Mutineer Music | Episode 1: 70s Punk

A mini-series on rebellious genres through the decades


Noah Bosch

The overwhelming urge to stick it to the man or slam doors in the face of disgruntled authority is a mutual feeling shared by countless people over the years. The satisfaction of holding that middle finger high in the face of an oppressive force is one not easily replicated. If there is a cause, there is a rebel. And for the misfits, the counter-cultured, the freaks or even the average joe just trying to get by, music can provide an escape from the status quo. Attempting to narrow down sonic rebellion to a single genre is not only a fruitless endeavor but one that would be disingenuous to a wide variety of experimental artists. 

Rather than attempting to pigeonhole rebellious music into any single category, I am choosing to highlight a specific rebellious genre for each decade spanning the 1970s through the 2010s. By analyzing how the genre came to be, its effect on American culture and how the music evolved with the times. So, raise those fists high and let loose your best rebel yell as we take a deep dive into the music our parents would never approve of.

We begin our journey at its pinnacle—1976. A year which is often referred to as ground zero for the true birth of punk. Punctuated by the debut release of Ramone’s first album, a perfect storm let loose its wrath upon the music world. Subsequent releases of UK punk singles, such as “Anarchy in the UK” by Sex Pistols and “New Rose” by The Damned, catapulted punk into the limelight. To truly understand this monumental occasion, we must look to the pebble-tossers that formed the initial path.

Link Wray’s “Rumble” released in 1958 can be seen as one of the first major deviations from the norm in the genre of rock and roll. Link’s use of distortion, feedback and power chords proved to be massively influential to the world of rock and, unintentionally, the world of punk. Compared to more clean-cut artists of the time such as Elvis Presley and Buddy Holly, Wray provided an escape from the cookie-cutter norms of the time—a place for those tired of the formula to gather and experience something new. This song was so counter-culture at the time that it was banned from radio play, despite not featuring any lyrics. 

Later, The Sonics helped create the blueprint for modern punk with their hit single “Psycho” that debuted in 1965. It featured all of the frantic drummings, shouted lyricism and heavily distorted, fast-paced guitar that would be the muse of future punk bands to follow.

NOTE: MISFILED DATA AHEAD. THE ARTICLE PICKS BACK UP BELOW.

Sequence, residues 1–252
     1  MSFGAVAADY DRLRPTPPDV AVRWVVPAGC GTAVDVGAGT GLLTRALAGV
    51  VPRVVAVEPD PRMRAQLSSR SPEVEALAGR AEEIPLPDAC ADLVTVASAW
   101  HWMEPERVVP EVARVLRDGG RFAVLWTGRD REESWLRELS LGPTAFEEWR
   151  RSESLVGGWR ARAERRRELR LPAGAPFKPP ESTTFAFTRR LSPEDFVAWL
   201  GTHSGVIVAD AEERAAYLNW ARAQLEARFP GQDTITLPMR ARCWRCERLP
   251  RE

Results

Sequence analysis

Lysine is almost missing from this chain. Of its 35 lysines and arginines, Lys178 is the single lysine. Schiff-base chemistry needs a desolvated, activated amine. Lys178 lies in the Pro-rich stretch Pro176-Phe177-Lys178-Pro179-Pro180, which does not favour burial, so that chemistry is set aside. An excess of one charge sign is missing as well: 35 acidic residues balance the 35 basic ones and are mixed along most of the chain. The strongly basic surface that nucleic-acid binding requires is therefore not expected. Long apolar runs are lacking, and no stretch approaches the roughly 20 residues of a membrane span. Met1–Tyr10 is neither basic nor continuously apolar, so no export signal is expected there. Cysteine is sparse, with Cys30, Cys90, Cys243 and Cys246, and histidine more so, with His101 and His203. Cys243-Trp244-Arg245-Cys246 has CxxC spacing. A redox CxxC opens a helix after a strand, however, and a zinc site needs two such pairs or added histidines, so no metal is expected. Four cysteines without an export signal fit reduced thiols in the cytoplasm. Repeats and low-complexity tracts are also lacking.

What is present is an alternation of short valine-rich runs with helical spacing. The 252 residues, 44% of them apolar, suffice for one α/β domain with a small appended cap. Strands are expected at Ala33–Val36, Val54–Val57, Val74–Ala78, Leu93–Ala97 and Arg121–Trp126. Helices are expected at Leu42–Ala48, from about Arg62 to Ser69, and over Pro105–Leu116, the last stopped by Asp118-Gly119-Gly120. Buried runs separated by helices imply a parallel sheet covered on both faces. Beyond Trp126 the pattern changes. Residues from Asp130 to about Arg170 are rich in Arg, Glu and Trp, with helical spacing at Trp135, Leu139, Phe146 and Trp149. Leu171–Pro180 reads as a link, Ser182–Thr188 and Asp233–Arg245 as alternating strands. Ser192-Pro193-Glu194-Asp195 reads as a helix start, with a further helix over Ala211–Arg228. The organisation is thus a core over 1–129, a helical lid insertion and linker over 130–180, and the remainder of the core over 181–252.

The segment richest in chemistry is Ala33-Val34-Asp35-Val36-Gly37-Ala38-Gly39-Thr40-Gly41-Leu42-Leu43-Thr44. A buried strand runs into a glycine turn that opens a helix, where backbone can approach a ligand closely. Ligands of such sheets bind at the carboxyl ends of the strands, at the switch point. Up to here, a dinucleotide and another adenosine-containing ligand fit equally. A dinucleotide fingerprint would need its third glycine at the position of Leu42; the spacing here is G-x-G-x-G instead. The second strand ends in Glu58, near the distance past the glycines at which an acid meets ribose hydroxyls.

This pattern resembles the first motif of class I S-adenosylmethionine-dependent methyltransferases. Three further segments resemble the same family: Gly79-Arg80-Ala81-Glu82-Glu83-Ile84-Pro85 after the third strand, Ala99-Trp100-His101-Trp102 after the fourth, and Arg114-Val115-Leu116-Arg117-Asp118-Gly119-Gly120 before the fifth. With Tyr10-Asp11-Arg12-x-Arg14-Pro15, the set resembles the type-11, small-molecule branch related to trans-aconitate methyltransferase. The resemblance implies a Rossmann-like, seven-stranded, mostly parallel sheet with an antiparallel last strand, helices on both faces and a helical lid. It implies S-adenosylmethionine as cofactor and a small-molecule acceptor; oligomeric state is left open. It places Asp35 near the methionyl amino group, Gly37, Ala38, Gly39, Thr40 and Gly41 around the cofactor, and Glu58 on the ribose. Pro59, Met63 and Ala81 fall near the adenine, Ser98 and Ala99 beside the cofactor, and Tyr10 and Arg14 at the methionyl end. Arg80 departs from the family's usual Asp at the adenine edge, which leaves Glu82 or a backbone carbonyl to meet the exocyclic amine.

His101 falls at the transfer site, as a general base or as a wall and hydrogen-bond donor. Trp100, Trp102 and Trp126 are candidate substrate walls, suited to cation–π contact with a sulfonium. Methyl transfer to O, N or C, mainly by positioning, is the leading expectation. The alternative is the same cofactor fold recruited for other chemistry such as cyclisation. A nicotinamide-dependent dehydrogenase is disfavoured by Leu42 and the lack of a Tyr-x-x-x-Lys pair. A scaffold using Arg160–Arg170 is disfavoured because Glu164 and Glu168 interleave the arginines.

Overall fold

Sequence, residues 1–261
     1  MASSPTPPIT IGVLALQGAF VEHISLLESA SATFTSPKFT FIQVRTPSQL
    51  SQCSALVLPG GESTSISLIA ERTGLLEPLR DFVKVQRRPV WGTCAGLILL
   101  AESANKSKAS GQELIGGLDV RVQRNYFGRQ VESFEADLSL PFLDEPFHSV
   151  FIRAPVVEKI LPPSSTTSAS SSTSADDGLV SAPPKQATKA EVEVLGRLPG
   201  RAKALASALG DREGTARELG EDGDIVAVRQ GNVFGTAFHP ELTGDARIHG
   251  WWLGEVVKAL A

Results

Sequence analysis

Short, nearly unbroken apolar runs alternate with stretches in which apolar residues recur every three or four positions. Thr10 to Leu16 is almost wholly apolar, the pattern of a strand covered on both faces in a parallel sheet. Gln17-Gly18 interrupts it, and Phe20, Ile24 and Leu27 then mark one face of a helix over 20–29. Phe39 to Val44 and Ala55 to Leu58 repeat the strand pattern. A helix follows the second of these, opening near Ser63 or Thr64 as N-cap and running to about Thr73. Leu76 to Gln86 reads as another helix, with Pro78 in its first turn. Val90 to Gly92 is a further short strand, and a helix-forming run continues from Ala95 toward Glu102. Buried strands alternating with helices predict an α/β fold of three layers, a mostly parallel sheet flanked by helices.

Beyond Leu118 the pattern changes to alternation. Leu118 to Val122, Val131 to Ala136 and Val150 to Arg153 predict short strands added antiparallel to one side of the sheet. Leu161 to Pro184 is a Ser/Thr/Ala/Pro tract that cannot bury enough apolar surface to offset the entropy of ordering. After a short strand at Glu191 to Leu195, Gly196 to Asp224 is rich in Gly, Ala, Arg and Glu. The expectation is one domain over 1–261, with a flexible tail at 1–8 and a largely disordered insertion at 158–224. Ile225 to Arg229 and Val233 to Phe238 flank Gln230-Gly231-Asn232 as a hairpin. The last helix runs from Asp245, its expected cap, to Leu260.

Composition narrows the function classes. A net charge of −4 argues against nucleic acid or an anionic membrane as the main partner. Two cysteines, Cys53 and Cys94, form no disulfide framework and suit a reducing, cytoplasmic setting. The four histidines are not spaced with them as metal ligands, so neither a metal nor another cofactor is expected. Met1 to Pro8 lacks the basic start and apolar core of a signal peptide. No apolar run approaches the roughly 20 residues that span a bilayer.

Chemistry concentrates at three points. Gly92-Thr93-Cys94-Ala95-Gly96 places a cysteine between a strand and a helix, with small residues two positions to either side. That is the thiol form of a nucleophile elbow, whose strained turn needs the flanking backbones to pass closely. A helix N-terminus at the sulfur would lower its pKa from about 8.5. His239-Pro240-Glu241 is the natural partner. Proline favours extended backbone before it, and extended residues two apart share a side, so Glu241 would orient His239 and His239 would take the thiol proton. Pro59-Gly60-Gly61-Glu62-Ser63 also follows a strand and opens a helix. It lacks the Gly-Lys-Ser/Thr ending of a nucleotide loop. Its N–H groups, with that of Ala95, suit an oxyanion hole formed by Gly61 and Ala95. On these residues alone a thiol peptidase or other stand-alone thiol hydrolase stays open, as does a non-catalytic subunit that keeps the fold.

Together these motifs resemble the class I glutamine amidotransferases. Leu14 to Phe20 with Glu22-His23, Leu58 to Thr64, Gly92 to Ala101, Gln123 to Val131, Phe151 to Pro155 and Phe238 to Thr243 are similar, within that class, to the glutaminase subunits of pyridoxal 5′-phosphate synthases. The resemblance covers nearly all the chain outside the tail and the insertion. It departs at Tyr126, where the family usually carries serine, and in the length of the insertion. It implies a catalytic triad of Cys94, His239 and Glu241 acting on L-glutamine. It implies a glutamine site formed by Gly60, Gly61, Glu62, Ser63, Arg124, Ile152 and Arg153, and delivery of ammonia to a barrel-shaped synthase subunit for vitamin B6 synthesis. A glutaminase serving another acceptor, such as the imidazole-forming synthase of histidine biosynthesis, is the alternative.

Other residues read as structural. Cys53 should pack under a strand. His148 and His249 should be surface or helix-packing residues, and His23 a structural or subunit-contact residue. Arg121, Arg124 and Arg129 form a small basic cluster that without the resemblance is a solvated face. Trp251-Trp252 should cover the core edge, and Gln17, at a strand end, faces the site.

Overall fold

? and the Mysterians shifted the culture tremendously by being the first-ever band to be labeled as punk rock in the media. This term was coined by writer Dave Marsh as he was describing their album 96 Tears, released in 1966.

In 1969, The Stooges’ self-titled album released and shook the world stage, with many enthusiasts describing the album as one of the go-to prodigies of the early punk era. Their front runner, Iggy Pop, created such a buzz that he’s often hailed as the “GodFather of Punk”

Death, a band created in 1971, consisting of three talented musicians, created a fusion of both funk and politically-charged punk. A mixture that would later be adopted by the likes of Rage Against the Machine, Fugazi, and Dead Kennedys.

In 1975, future Rock and Roll Hall-of-Famer Patti Smith released her debut album, Horses. This release is often cited as the very first indisputable example of a true punk album by the mass media and critics alike. 

Finally, we arrive back to 1976—the year punk finally exploded onto the scene, after decades of beating, scratching and kicking its way into the public eye. But as the public’s knowledge of punk as a genre began to grow, so did its disdain for the music and what it represented. But, like water on an electrical fire, the hatred of punk only strengthened its resolve. It became a shelter for those still attempting to find themselves and their part to play in this crazy world. 

Punk offered a sort of resistance—a feeling of non-conformity that was ironically quite comforting. People who never had a place that felt like home began to discover their place among others that felt like outcasts. The search for something real was a mutual feeling shared by so many that the punk genre became a subculture. It proceeded to harbor all who were seeking a similar feeling of truth in a mysterious world. 

As for its evolution, punk has remained a champion of modern times, beating out genres such as disco and new wave ska, which have since died off after their respective heydays. This is due mostly in part to the message of punk still remaining topical in a world filled with so much excess and glamour. Punk bands such as IDLES and Modern Baseball have kept the punk genre and culture alive and well with their unapologetically real sounds. 

The world is often a cruel, complicated place, filled with unfairness and discord. Conforming often seems to be an easy way out of the human struggle of finding one’s own belonging. Punk proves in its own unique way that being different can be a beautiful thing. It paints a picture of what can happen when differences and deviations from the norm are embraced with an open mind and heart. All it takes is an idea and the will to make something happen—whether people will like it or not.

For those of you looking to dip your toes into 1970s punk, I have crafted a starter pack of sorts that should cover a fair amount of the bases. Now get to headbanging.

1970s Punk starter pack playlist: